Besides its localization, the interaction of HuR with target mRNAs influences its ability to regulate mRNA turnover or translation. To further test the influence of CARM1-mediated methylation on the interaction of HuR with RNA, biotinylated fragments of cyclin A, cyclin B1, c-fos, SIRT1, and p16 3′UTRs and cytoplasmic extracts described in Figure 3A and 3B were used for pull-down and RNP IP assays, as previously described . As shown in Figure 3C and 3D, knockdown of CARM1 had no influence on the association of HuR with the 3′UTRs of cyclin A, cyclin B1, c-fos, and SIRT1 mRNAs. In addition, the association of flag-HuR (W) and flag-HuRΔ (M) with the 3′UTR of cyclin A, cyclin B1, c-fos, and SIRT1 was comparable (Figure 3E and 3F). However, changing HuR methylation either by silencing CARM1 (Figure 3C and 3D) or by mutating the HuR methylation site (Figure 3E and 3F) markedly lowered the association of HuR with p16 3′UTR. In a previous study, HuR and AUF1 were found to bind with the p16 3′UTR and destabilize p16 mRNA cooperatively . To address whether methylation of HuR by CARM1 influences the association of AUF1 with p16 3′UTR, the lysates described in Figure 3C and 3E were used for pull-down and RNP IP assays. As shown in Figure 3G and 3H (left), in cells with silenced CARM1, the association of AUF1 with p16 3′UTR was markedly reduced. Moreover, in cells expressing flag-HuRΔ (M), the association of AUF1 with the p16 3′UTR was substantially weaker than that observed from cells expressing flag-HuR (W) (Figure 3G and 3H, right). These results suggest that methylation by CARM1 enhances the association of HuR with the p16 3′UTR, and in turn, enhances the association of AUF1 with the p16 3′UTR.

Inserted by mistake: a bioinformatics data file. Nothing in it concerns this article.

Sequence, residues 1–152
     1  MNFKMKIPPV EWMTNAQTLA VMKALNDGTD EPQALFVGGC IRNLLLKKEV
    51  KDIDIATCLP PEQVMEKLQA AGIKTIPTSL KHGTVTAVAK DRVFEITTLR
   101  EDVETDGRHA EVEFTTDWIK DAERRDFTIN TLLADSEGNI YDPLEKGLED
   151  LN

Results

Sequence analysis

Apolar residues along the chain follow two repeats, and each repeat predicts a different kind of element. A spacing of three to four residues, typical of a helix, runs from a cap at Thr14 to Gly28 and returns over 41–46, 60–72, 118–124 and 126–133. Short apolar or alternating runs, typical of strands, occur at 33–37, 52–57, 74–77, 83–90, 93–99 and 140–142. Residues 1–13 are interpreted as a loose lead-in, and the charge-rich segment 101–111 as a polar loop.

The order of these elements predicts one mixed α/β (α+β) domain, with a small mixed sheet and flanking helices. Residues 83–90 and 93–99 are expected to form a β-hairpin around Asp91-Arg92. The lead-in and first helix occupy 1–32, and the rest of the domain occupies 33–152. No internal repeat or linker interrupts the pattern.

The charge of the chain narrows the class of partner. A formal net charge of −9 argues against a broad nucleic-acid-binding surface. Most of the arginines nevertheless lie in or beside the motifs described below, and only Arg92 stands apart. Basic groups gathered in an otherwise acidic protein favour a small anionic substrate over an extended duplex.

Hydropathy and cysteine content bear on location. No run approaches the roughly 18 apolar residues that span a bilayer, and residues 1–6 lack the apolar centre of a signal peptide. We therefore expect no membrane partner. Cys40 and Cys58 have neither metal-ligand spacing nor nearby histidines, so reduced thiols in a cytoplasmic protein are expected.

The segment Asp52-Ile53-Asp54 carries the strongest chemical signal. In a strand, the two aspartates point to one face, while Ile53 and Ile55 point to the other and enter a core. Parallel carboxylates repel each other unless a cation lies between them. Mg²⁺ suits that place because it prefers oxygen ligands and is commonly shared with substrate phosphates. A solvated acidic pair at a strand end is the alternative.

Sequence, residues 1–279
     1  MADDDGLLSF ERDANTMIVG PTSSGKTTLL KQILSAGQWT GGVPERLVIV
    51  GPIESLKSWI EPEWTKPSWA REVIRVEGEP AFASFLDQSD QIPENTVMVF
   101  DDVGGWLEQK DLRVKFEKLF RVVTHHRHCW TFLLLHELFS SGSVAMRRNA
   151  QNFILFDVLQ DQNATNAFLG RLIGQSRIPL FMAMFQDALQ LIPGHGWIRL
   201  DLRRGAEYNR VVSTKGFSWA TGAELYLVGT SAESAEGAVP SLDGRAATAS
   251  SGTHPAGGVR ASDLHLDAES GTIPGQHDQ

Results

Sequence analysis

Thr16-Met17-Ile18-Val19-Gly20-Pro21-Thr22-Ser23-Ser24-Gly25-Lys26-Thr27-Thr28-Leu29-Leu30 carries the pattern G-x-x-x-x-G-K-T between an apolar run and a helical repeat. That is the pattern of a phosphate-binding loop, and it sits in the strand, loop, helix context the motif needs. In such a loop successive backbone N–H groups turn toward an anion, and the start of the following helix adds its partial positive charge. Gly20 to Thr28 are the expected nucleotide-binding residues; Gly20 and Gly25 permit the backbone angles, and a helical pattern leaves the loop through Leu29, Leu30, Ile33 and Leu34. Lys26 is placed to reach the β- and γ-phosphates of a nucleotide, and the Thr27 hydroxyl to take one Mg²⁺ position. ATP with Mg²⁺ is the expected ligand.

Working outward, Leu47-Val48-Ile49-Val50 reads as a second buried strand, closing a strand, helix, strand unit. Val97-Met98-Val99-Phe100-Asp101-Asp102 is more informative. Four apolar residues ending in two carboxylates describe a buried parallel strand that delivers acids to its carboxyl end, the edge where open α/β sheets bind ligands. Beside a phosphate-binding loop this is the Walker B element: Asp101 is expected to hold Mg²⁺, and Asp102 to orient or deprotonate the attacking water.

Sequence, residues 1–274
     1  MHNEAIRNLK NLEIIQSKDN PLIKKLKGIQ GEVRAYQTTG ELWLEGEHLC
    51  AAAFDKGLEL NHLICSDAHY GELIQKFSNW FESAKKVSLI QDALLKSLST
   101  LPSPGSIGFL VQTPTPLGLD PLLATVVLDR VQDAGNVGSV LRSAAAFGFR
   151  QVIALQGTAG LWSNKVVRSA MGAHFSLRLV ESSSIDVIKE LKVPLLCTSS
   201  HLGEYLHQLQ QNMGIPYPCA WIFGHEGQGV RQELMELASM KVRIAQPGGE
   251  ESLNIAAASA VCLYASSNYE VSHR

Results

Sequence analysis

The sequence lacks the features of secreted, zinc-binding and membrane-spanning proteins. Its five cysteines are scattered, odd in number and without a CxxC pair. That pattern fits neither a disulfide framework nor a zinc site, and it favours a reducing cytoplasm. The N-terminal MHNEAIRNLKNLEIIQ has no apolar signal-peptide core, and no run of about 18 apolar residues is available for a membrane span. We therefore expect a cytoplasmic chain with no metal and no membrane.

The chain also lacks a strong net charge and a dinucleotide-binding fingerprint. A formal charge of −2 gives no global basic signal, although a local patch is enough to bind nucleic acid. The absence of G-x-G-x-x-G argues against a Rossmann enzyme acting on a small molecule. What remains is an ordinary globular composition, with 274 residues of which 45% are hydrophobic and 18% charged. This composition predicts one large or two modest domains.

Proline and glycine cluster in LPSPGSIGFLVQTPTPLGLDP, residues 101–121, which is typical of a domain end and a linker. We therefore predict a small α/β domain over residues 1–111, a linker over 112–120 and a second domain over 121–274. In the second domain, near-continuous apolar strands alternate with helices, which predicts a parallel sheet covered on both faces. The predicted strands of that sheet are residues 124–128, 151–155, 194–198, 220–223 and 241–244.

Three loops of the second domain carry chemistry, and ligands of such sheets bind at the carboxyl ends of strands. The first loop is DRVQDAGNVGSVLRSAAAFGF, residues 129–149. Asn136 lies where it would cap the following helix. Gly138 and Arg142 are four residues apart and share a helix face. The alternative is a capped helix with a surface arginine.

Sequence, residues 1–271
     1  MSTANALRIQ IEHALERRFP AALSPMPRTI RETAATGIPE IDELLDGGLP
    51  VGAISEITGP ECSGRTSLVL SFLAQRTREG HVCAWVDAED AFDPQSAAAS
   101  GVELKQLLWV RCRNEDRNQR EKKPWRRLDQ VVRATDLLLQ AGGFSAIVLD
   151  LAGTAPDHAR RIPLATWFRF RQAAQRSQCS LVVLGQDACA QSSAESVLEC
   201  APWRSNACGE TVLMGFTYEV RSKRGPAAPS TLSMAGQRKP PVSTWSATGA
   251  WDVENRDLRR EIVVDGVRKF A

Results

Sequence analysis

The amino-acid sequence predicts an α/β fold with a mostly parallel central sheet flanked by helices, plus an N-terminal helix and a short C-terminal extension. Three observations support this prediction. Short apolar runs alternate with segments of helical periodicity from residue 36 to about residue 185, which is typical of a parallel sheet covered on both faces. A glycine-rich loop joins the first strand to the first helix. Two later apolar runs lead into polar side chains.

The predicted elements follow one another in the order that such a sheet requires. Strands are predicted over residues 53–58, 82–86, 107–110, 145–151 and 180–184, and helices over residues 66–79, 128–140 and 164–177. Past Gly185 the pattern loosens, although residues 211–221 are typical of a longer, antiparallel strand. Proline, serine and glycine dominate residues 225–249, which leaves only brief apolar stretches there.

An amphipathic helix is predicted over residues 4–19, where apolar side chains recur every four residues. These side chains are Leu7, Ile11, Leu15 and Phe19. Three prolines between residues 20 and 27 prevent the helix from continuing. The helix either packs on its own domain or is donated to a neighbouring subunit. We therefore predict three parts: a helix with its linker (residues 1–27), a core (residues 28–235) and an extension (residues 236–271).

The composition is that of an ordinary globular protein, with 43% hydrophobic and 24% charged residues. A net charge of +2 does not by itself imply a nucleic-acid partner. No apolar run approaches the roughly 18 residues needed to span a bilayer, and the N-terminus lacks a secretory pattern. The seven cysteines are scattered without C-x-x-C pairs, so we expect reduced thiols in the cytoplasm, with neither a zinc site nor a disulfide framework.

CARM1- HuR regulatory process impacts on replicative senescence
HuR regulates replicative senescence at least in part by stabilizing cyclin A, cyclin B1, c-fos, and SIRT1 mRNAs as well as destabilizing p16 mRNA [5–7]. To address whether the methylation of HuR by CARM1 impacts upon replicative senescence, we first examined the levels of CARM1 and the methylation status of HuR in early-passage [Young, ~27 population doublings (pdl)] and late-passage [Senescent, ~60 (pdl)] human diploid fibroblasts (2BS) by Western blotting. As shown in Figure 4A, the levels of CARM1 in senescent 2BS cells (S) were markedly reduced relative to the levels in young 2BS cells (Y). As a positive control, HuR protein levels in the senescent cells were also potently reduced, in keeping with previous findings . To evaluate the methylation status of HuR in senescent cells, HuR was immunoprecipitated from lysates prepared from cells described in Figure 4A. The IP materials then were subjected to Western blot analysis using the M/DMA antibody. As anticipated, the levels of both methylated HuR (M- HuR) and total- HuR ( HuR) were markedly reduced in senescent cells (Figure 4B). In addition, reduction of HuR and CARM1 protein levels as well as the HuR methylation levels was accompanied with the decrease of the association of HuR with cyclin A, cyclin B1, c-fos, SIRT1, and p16 mRNAs in senescent cells (Figure 4C and 4D).